Managing Dental Phobia
A 2015 study in the Dental Research Journal surveyed 473 individuals and found that close to 60% had a fear of going to the dentist. While the levels of anxiety varied across study participants, the study also concluded that the more anxious individuals visited the dentist less regularly or not at all.
The cause of dental anxiety is typically a previous traumatic experience at either another dentist or even in another medical situation. Other causes may be related to general anxiety disorders, such as claustrophobia and agoraphobia. Dental anxiety can lead to progression of dental disease, dental emergencies and the need for more complex and costly treatment.
At Digital Implant Design Center, we see many patients that, because of dental anxiety, have put off going to the dentist, and now require partial or full mouth rehabilitation. We use several techniques to combat dental phobia. However, we begin with a simple discussion with our patients to explore the root of their anxiety. Our professional team understands dental phobia is an actual condition that can have serious health consequences. They never judge patients who have delayed going to the dentist because of fear.
Once we understand our patients’ past experience, we formulate a plan that may include behavioral therapies and/or pharmacological treatment for the anxiety. We always enable patients to remain in control at all times during treatment. We also provide amenities to help distract patients and use the latest technologies that enhance patient comfort and decrease procedure time.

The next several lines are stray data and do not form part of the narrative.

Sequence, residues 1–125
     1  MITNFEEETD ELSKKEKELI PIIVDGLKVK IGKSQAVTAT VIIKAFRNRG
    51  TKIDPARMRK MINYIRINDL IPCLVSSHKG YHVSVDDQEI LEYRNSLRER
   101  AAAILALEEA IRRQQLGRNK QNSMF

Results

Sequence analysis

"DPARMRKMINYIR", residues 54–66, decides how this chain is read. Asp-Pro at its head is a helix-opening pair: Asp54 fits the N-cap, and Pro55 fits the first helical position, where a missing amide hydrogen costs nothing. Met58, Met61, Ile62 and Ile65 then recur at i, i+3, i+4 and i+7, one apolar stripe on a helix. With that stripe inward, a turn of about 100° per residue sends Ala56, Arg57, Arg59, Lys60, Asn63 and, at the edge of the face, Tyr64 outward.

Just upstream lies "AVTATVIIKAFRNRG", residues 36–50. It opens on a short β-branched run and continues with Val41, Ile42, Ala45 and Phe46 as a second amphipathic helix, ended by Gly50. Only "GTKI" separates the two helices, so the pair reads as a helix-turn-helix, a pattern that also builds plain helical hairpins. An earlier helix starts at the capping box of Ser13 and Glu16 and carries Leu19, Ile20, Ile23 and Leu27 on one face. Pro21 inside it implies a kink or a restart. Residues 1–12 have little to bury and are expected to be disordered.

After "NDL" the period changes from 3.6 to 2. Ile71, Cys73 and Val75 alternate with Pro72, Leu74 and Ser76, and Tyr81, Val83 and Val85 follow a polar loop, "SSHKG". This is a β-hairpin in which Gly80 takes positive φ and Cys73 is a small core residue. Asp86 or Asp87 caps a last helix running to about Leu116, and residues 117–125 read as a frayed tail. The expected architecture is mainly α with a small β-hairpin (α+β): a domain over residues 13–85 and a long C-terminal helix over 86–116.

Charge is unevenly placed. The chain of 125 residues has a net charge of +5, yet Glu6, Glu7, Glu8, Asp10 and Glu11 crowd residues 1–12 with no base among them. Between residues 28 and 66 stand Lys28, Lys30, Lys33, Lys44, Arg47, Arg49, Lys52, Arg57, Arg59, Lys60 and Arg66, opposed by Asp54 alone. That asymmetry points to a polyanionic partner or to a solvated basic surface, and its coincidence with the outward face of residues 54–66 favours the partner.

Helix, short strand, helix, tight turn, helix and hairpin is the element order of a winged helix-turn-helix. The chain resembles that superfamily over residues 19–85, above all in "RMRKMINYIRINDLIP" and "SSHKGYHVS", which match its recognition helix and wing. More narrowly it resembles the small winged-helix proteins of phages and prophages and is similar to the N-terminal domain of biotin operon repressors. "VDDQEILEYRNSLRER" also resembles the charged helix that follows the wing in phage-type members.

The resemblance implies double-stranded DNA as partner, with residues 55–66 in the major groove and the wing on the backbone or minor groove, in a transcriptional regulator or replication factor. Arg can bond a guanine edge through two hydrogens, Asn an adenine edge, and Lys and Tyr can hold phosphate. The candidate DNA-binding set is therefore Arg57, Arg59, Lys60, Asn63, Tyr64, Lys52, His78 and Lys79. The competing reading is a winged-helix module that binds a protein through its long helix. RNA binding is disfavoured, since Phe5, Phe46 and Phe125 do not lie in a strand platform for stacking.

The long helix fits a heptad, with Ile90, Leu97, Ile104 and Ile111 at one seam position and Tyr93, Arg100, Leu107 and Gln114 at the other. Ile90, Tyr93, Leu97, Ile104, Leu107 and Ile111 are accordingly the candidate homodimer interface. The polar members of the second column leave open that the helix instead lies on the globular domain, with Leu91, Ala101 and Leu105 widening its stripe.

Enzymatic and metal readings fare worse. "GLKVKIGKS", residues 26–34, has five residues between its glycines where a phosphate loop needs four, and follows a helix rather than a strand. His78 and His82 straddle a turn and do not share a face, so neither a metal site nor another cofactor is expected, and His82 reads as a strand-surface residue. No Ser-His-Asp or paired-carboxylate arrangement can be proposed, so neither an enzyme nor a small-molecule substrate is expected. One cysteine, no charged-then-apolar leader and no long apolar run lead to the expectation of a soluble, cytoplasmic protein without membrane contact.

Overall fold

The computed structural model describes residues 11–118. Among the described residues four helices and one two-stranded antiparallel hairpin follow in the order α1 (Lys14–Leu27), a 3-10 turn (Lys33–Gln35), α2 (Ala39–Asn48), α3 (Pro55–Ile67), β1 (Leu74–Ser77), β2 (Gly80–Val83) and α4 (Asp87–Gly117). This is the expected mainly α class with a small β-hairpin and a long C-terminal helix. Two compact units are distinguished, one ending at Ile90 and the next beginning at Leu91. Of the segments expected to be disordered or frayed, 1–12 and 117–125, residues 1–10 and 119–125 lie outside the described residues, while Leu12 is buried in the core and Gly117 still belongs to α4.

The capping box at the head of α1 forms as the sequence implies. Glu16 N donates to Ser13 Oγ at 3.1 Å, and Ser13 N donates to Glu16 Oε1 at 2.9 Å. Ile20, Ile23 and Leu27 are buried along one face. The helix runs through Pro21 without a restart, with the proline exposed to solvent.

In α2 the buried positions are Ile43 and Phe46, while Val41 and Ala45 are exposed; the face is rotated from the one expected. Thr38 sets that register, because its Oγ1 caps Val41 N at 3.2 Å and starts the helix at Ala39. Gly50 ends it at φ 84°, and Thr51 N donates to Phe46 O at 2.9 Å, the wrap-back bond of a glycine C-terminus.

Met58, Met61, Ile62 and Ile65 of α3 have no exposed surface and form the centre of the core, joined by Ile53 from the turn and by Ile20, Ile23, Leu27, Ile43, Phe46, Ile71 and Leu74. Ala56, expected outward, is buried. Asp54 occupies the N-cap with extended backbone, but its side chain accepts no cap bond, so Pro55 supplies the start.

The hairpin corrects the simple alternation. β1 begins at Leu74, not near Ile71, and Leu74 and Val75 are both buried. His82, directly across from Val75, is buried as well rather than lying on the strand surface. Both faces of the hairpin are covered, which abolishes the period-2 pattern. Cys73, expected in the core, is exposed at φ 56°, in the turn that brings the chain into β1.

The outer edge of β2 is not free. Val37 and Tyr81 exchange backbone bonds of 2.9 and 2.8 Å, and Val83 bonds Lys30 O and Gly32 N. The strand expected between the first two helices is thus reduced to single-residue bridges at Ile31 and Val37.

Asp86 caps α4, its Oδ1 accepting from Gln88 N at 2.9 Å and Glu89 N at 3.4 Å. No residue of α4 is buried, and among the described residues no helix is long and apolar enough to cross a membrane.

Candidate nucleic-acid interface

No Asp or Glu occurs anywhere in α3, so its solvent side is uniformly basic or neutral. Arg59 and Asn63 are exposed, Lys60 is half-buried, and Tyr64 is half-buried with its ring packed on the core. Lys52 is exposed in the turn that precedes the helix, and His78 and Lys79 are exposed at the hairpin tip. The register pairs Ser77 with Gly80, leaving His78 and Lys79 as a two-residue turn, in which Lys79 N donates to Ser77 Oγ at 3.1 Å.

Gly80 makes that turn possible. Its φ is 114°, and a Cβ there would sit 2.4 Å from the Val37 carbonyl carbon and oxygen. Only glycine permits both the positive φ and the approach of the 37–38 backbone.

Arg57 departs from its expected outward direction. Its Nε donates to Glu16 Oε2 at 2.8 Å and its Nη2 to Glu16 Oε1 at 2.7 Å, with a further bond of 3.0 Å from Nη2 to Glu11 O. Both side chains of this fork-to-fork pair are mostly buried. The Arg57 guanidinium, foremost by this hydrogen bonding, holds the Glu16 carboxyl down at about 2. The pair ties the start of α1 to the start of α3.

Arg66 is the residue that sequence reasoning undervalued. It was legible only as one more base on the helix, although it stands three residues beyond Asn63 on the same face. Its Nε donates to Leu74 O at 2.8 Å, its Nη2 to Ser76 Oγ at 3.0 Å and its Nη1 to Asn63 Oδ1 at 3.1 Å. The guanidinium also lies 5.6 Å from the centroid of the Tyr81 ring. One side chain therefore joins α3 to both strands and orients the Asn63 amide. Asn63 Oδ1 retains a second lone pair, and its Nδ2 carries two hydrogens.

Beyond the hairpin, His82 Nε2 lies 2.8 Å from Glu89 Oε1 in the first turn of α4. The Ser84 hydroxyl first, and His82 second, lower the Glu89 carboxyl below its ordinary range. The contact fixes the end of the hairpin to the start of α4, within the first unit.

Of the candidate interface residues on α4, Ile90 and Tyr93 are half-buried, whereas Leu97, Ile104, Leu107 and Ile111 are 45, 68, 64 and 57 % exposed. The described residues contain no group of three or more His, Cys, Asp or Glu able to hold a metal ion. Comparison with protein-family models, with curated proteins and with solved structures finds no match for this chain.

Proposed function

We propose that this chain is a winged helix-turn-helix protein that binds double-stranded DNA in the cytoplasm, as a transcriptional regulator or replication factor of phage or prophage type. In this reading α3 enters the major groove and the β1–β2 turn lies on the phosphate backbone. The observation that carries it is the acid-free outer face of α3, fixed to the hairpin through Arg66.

Helping patients manage dental anxiety results in better oral and overall health, and provides patients a confident, radiant smile.
Tips for Managing Dental Anxiey*
- Share your fears. If you’re tense or anxious, tell your dentist and the dental staff. Expressing your concerns will help your dentist adapt the treatment to your needs.
- Focus on breathing regularly and slowly during dental procedures. When people are nervous they tend to hold their breath, which decreases oxygen levels and further increases feelings of panic. As in some meditation techniques, a focus on slow, regular breathing helps reduce stress levels.
- Listen to some tunes. If the sound of the drill bothers you, bring along your favorite music and earphones.
Watch what you eat and drink. Avoid caffeine before a dental appointment. Eat high-protein foods which – unlike sugary foods – produce a calming effect.
- Use hand signals. Empower yourself by agreeing on hand signals to communicate with your dentist. When you feel uncomfortable, signal the dentist to ease off or stop the procedure.
- Choose a low-stress appointment time. Select a time for your dental visit when you’re less likely to be rushed or under pressure. This might mean a Saturday or an early-morning appointment.
- Get some good reviews. If you’re looking for a dentist, ask friends and relatives for recommendations. A glowing review about a dentist from someone you trust can help reduce your anxiety.